The Miraculous and Non-Miraculous Work of the Spirit

This is part 11 of an ongoing series on the Holy Spirit. For previous parts click here.

What Happened After Baptism

In the previous part of this study it was observed that the “mighty rushing wind”, “tongues as of fire” and the miraculous ability to speak in tongues from Acts 2:1-4, was recognized by Peter as the outpouring of the promised Holy Spirit, and the fulfillment of Joel 2:28-32. Then in Acts 2:38-39, Peter promised that the gift of the Holy Spirit himself would be given to all those who would repent and be baptized for remission of sins.

What then would Peter’s audience have expected to happen for those who were baptized? It seems they would expect to receive the Holy Spirit.

In Acts 2, what does it look like when a person receives the Holy Spirit? Up to this point, it has looked like the things they were seeing and hearing on Pentecost (cf. 2:33), namely the mighty rushing wind, the tongues of fire, and the speaking in tongue.

What then would Peter’s audience have expected to happen for those who were baptized? It seems that they would expect to receive the Holy Spirit in the same way the apostles did.

That expectation makes what happens next even more interesting and noteworthy. Notice carefully what the result is (and what it is not) when those who received Peter’s words were baptized.

So those who received his word were baptized, and there were added that day about three thousand souls.

And they devoted themselves to the apostles’ teaching and the fellowship, to the breaking of bread and the prayers. And awe came upon every soul, and many signs and wonders were being done through the apostles. And all who believed were together and had all things in common. And they were selling their possessions and belongings and distributing the proceeds to all, as any had need. And day by day, attending the temple together and breaking bread in their homes, they received their food with glad and generous hearts, praising God and having favor with all the people. And the Lord added to their number day by day those who were being saved.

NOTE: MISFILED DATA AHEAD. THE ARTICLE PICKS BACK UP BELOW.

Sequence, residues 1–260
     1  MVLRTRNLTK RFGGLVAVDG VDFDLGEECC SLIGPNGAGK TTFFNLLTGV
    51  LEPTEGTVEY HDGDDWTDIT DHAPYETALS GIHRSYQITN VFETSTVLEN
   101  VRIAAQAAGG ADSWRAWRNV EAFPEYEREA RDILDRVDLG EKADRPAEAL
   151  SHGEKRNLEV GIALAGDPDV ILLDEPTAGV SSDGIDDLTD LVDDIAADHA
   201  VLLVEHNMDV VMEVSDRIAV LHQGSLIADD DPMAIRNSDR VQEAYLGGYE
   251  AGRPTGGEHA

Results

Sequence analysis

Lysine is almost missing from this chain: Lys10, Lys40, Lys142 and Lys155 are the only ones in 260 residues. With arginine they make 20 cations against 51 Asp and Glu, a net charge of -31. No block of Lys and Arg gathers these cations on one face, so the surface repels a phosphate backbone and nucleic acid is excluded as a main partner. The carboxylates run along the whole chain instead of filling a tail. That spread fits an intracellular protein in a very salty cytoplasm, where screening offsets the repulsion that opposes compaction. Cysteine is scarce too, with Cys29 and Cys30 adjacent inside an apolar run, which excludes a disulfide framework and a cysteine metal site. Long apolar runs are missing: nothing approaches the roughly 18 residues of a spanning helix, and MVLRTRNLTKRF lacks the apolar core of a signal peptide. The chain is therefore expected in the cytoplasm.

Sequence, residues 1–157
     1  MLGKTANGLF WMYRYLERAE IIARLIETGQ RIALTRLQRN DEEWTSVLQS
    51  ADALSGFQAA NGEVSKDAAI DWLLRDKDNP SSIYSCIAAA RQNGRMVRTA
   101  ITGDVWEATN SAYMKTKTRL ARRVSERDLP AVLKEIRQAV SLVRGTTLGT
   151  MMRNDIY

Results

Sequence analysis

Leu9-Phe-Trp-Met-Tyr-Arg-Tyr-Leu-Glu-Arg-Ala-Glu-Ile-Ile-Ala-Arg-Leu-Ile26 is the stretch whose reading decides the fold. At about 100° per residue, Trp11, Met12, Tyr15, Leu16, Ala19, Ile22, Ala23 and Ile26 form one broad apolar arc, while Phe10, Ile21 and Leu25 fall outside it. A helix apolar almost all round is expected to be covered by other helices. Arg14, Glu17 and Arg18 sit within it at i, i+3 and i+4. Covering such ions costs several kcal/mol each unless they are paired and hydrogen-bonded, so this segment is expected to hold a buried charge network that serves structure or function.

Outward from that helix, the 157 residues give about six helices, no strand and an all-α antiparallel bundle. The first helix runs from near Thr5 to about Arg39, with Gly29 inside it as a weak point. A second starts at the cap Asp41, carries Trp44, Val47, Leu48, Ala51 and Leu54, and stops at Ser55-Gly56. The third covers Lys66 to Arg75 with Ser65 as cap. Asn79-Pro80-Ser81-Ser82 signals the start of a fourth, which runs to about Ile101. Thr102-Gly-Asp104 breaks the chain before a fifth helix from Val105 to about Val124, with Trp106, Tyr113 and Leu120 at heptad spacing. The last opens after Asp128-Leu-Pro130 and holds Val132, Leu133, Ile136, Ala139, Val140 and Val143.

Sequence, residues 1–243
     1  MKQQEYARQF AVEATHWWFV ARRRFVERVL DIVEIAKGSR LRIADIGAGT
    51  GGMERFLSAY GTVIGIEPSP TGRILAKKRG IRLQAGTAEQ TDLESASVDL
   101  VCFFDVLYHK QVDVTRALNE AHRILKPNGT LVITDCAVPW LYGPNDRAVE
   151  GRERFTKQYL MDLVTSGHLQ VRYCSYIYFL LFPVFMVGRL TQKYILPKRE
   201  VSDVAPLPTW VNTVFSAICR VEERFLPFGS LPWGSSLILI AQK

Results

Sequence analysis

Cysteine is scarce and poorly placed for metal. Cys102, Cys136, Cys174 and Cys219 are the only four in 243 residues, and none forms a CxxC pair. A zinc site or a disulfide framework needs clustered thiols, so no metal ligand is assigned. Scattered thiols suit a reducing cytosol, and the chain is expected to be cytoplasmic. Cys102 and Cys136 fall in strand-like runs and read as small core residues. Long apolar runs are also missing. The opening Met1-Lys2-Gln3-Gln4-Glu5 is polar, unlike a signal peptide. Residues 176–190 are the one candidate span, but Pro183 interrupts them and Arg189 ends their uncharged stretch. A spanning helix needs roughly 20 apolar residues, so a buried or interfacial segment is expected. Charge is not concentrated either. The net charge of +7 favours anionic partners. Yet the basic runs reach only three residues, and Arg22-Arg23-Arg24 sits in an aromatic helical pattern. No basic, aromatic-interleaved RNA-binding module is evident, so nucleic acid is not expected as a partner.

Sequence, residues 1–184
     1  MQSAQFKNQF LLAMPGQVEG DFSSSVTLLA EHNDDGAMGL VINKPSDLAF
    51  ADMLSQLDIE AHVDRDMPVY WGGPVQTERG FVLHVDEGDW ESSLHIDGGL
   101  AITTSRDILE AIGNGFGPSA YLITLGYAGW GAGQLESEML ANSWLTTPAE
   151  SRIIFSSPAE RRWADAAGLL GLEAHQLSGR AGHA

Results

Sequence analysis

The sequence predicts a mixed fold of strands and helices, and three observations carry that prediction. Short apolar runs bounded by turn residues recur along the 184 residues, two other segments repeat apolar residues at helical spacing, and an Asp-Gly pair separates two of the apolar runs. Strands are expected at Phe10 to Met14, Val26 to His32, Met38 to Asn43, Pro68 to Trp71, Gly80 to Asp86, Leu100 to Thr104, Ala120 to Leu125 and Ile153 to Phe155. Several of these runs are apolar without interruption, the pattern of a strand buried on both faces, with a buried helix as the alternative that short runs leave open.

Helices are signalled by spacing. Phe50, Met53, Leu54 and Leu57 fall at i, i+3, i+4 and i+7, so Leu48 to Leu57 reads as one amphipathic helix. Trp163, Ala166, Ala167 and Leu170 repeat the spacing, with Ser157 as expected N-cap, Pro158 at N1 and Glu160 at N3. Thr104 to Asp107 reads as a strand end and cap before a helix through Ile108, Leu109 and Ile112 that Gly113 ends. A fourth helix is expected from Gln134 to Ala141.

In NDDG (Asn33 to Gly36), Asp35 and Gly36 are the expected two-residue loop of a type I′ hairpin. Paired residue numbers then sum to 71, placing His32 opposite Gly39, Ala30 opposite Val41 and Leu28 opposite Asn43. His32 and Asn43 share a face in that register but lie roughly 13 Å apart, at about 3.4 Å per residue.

Acts 2:41-47

Did you catch that? About three thousand people received his word and were baptized, but there is not one word about a mighty rushing wind, tongues of fire, or speaking in tongues. In fact, Luke specifically mentions that they were in awe at the “sign and wonders being done through the apostles.” That makes it clear that signs and wonders were not being performed by everyone. Instead of describing a recurrence of the events of Acts 2:1-4, Luke gives us a picture of unity, fellowship, self-sacrificial giving, with glad and generous hearts.

What should we make of this? There are only two possible explanations.

  1. Peter was wrong. Despite Peter’s promise, those who were baptized failed to receive the gift of the Holy Spirit.
  2. Peter was right. The gift of the Holy Spirit was given in baptism, but the three thousand who were baptized did not receive the Holy Spirit in the same way the apostles did, nor did they experience the same kind of results as the apostles did.

Again, since the gift of the Holy Spirit was promised to all who would repent and be baptized (2:38-39), and since “signs and wonders” were only being done by the apostles after the three thousand were baptized (2:43), this means that the three thousand who were baptized did not receive the ability to work signs and wonders as the apostles had when they received the Holy Spirit.